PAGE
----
The holidays are approaching, and with them come decorations galore! You’ve probably been seeing holiday décor in stores for weeks now, and poinsettia plants are on sale everywhere.
Poinsettias are popular at this time of year, because their brightly colored red (or sometimes white) leaves provide a splash of festive color during the winter. The plants are indigenous to Mexico, and grow well in our climate, so you can transplant your poinsettias outside when the holiday season is over.
But you’ve heard that poinsettias are poisonous, right? So, you’re probably wondering why anyone would be so eager to bring these plants into their homes, where they are easily accessible to pets and children! The truth is, poinsettias are only mildly toxic, and in the vast majority of cases a child or pet would have to ingest a very large amount to sustain any real harm. If your pets regularly nibble the leaves, you might notice mild symptoms like excessive drooling or diarrhea. A child, on the other hand, would have to ingest about 500 poinsettia leaves to get sick. And since the leaves reportedly taste unpleasant, it’s unlikely that Rover or Little Susie would do more than take a quick nibble.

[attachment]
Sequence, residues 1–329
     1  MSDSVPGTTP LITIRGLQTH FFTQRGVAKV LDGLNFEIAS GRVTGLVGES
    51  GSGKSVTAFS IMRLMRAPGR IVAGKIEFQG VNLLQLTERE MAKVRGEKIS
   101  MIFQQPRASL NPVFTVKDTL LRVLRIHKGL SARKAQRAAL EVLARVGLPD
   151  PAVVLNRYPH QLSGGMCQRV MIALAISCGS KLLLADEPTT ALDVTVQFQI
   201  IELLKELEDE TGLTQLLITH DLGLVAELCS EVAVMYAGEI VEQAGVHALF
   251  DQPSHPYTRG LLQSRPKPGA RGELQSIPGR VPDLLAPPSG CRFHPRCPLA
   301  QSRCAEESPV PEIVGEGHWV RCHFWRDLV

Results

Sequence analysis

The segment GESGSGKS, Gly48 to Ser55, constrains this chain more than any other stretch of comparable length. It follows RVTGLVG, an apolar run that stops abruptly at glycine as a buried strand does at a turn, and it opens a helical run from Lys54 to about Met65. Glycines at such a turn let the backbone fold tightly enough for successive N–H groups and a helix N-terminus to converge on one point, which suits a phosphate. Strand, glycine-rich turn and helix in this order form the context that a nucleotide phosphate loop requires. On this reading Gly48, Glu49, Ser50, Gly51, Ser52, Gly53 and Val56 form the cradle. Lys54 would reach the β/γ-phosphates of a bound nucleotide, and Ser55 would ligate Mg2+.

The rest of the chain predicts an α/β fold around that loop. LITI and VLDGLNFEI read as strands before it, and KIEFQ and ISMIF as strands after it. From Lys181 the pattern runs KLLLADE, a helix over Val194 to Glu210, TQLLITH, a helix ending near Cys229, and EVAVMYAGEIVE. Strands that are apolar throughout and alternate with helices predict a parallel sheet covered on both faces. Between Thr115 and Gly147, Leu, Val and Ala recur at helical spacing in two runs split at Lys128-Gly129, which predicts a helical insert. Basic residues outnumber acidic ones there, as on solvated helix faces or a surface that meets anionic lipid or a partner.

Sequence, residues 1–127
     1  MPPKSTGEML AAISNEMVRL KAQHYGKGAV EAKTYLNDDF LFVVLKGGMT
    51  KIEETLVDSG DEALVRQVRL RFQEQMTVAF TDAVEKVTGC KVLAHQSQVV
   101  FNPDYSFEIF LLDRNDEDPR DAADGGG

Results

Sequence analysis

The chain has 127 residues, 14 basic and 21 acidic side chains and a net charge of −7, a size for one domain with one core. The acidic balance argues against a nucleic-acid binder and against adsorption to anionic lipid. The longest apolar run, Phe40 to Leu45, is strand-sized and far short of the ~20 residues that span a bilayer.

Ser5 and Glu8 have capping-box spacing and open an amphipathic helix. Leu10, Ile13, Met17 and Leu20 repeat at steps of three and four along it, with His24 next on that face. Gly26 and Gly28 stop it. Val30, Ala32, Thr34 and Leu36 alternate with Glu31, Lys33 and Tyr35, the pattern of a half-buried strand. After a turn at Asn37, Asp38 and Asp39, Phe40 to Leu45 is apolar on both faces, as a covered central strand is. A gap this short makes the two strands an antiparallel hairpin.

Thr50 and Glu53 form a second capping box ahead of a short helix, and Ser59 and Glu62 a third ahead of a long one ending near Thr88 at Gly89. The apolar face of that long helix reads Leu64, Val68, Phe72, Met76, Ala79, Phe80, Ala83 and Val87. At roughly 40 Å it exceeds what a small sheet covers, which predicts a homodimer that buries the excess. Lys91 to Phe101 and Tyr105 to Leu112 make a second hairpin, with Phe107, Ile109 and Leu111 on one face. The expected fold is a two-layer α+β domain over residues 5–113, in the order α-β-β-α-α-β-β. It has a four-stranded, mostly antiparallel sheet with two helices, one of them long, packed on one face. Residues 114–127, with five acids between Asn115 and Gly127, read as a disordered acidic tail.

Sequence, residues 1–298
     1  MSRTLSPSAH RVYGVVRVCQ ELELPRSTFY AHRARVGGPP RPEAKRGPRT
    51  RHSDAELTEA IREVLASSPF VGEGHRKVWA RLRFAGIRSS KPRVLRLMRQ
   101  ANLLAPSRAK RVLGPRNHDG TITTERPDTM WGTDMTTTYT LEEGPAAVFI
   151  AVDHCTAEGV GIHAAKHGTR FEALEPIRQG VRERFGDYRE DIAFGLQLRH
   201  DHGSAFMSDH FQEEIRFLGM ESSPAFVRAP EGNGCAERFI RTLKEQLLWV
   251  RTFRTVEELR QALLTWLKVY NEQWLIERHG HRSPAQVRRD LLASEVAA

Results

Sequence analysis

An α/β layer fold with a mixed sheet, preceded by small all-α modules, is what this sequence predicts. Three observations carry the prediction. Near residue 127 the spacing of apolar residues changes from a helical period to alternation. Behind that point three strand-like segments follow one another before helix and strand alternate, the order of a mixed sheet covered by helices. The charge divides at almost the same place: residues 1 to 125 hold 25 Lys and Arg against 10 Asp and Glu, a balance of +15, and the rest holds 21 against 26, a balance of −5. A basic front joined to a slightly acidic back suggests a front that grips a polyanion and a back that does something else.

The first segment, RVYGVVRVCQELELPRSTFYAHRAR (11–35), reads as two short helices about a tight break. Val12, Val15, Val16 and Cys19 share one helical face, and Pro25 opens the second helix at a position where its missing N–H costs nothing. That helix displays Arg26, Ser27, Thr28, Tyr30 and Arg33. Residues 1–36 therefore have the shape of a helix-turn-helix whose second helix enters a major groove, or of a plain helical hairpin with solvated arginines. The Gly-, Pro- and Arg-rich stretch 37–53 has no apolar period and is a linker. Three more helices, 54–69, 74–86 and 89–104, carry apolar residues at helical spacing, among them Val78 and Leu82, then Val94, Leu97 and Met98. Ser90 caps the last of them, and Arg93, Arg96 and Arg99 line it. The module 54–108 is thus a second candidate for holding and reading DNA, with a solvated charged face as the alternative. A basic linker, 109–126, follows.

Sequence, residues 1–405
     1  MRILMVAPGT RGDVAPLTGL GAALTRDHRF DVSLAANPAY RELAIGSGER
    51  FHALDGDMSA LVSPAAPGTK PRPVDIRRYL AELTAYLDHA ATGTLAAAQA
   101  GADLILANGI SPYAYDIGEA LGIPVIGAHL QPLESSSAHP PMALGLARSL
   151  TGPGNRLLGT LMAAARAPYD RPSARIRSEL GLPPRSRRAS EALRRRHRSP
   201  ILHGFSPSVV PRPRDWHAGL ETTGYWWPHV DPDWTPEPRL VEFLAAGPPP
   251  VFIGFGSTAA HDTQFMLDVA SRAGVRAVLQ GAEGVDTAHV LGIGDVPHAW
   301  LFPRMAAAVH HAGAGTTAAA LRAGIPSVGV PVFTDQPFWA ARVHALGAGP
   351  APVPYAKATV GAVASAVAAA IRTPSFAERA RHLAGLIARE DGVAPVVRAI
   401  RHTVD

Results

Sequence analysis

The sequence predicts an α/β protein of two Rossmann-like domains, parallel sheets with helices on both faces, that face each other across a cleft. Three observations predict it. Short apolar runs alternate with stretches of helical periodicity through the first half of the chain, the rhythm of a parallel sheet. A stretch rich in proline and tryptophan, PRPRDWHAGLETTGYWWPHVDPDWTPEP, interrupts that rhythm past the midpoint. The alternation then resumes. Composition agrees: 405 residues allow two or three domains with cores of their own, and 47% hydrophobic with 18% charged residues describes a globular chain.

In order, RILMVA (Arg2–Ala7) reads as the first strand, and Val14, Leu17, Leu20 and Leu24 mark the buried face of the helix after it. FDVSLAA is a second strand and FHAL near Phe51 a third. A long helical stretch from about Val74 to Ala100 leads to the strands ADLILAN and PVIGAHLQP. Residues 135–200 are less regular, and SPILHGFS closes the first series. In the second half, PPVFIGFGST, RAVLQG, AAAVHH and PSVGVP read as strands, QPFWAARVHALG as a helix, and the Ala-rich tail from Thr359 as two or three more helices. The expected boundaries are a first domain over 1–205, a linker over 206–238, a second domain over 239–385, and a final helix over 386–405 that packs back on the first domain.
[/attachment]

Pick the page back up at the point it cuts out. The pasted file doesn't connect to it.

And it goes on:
So, with poinsettias being perfectly safe in the majority of cases, feel free to bring home a few plants! Place the pots near a sunny window, preferably one that faces South, East, or West to reap as much sunlight as possible. Water your poinsettias when the soil feels dry to the touch, being careful not to over-water them. Allowing the plant to sit in water is a sure way to wilt it and ruin its appearance.
After the holidays, you can continue to enjoy your poinsettias all year. These plants don’t do well in temperatures under about 60 degrees, but once it warms up outside you can move them to the porch, balcony, or yard if you choose. In May, cut the stems back to about 4 inches, and watch for new growth. Once new growth appears, you can fertilize your plants every two weeks.
Beginning in July, pinch back each stem by about one inch. This helps the plant to grow into the full, bushy shape most commonly associated with poinsettias. If you skip this step, you might wind up with a tall, spindly plant instead.
Poinsettias will bloom again, beginning in November, but only if they receive less than 12 hours of sunlight per day. Starting in October, you should move your plants back indoors, to replicate the correct blooming conditions.
We wish you the best of luck with your living holiday décor!